While I believe deep down Cyprus is glad to have me home again, she cannot get over her fascination with the trailing scents of either the chipmunk or the rat that's been scampering around in the flower beds the last few weeks. When I took her outside, she paid me no mind but that wonderful blind bombshell was on high sniff alert:

Friday, September 11, 2015

Dessert Labors of Labor Day Weekend

It was the Saturday of Labor Day weekend, with company in from out of town, and I wanted to put together a special dessert for dinner that night. I had two recipes that I'd wanted to try out, and they promised a certain complimentary flair, so I tackled the time-consuming preparation of them both for much of the afternoon (and into the evening!). After a great dinner of pan-seared pork medallions in a ginger-shiitake-soy cream sauce, this was sort of a heavy dessert: an intensely chocolate-y layer cake with some homemade salty caramel ice cream on the side:

But it was not a particularly successful endeavor. Well, it was partially successful. Here's the deal.

Both of these items involved making caramel by melting down sugar. For the ice cream, that worked out reasonably well (although as you'll see below, I think it was an insufficient amount of sugar). The caramelizing of the sugar for the cake was in order to create a thick but spreadable layer of caramel to go between each of the cake layers...but even though I thought I watched it carefully, it ended up with a nasty burned taste. I discarded that caramel filling and doubled the rich deep chocolate frosting and used it as filling and as icing. That proved to be an excellent accommodation: this is about the most intense chocolate cake I've ever made, incredibly moist and flavorful. You probably don't want a regular sized piece of it, frankly. It has the potential to overwhelm you.

As for that ice cream...I have a small collection of recently-obtained ice cream recipes that I've wanted to work my way through. The first of those was fantastic: the red velvet ice cream with cream cheese swirl. The second one was reasonably well-received by that evening's company but I didn't think it was worth repeating: coffee toffee ice cream.

So the next one I tried out was for salty caramel ice cream, last Saturday night. I've become quite fond of salty caramel ice creams and gelatos. I've also enjoyed discovering the caramel version of Liberté yogurt. I was pretty pumped to try this out at home.

But where is the sweetness?! This is an incredibly blah ice cream. I expect some of it will get eaten, just because it's here, but I'll not be surprised if I throw out what's left. I realize kitchen life is full of its ups and downs, but man-o-man I hate to put in that many hours and come out with a double-dose of disappointment.

"Chocolate-Caramel Layer Cake," by Lan Lam. In Cook's Illustrated, Number 136, September & October 2015, p. 20-22.

"Salty Caramel Ice Cream," a not-at-all-good ice cream, I'm afraid. Yuck. Try it if you want to. But I would discourage you. Totally. Adapted from Jeni Britton Bauer and originally published in Jeni's Splendid Ice Creams at Home. Found online at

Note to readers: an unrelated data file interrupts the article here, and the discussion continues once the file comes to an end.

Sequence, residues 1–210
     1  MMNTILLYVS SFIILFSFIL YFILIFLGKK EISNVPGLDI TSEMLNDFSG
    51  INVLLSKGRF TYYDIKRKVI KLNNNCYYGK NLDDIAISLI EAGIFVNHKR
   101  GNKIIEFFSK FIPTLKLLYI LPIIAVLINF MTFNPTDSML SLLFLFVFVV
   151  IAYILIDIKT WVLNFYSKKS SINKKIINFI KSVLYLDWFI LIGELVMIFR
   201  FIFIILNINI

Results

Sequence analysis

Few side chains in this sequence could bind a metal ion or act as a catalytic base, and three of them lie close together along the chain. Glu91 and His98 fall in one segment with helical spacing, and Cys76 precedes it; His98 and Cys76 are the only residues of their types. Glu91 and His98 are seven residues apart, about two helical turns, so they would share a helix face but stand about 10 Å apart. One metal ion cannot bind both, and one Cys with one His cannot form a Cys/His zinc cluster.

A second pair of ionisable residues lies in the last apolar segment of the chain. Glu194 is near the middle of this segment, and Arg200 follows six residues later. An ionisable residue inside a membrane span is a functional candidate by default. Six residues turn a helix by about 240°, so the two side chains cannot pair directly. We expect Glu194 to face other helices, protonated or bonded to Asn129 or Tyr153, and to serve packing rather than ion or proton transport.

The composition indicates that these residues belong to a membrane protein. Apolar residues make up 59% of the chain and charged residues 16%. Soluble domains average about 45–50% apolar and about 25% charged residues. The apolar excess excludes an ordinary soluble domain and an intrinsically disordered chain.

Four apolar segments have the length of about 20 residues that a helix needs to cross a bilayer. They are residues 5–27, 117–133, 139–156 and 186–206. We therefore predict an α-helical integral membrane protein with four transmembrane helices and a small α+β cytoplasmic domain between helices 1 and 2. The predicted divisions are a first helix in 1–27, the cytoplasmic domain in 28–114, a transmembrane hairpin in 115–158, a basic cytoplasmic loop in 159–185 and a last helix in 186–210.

Thursday, September 10, 2015

Meal No. 1371: World's Best Lasagna

I like it meaty, saucy, and cheesy. That's the lasagna that was talking to me this past Sunday night when some of the usual crew gathered around the table.

By the way, I guess the reason this is the go-to lasagna recipe for me is because it was the top hit on a google search and, once I tried it, I saw no reason to look any further. When I was writing up this blog post, though, I was trying to remember if the author was a restaurant chef. Turns out he's just a talented home cook. And this recipe has been Number One for 12 years on

This has led to a bit of newsworthiness for Mr. John Chandler, the recipe's author, on Good Morning America and in the Washington Post.

"World's Best Lasagna," by John Chandler (Dallas, TX). Found online at

Wednesday, September 9, 2015

One Phenomenal Pie: Atlantic Beach Pie

Granted: it's a North Carolina beaches concoction that is definitely similar to the way key lime pie is often made. But the variations are significant enough to grant it its own special imprimatur: Atlantic Beach Pie. Made famous all over again by the chef at Chapel Hill's famed Crook's Corner, this is a lemon, egg yolk, and sweetened condensed milk base cooked inside a sweet-and-salty crust made from pulverized Ritz crackers, butter, and sugar. It sure takes me back to many a meal on the southeastern North Carolina coast during childhood vacations.

Call it what you will, but this rascal finds a happy home in my mouth. It was a tasty dessert last Thursday night.

"One Phenomenal Pie: Atlantic Beach Pie," from Chef Bill Smith. Published in Our State Magazine, May 2014. Also featured in "Found Recipes" on All Things Considered from National Public Radio, broadcast April 13, 2013.

Tuesday, September 8, 2015

Meal No. 1370: Pan-Seared Pork Medallions in a Ginger-Shiitake-Soy Cream Sauce

This past Saturday night, with a regular weekend guest on hand, I returned to one of the all-time Roediger House favorite meals: pan-seared pork medallions in a ginger-shiitake-garlic-soy cream sauce. It's as good as it sounds, my friends. The sides were mashed potatoes and seasoned lima beans, but the desserts (yes, plural!) will be blogged about later.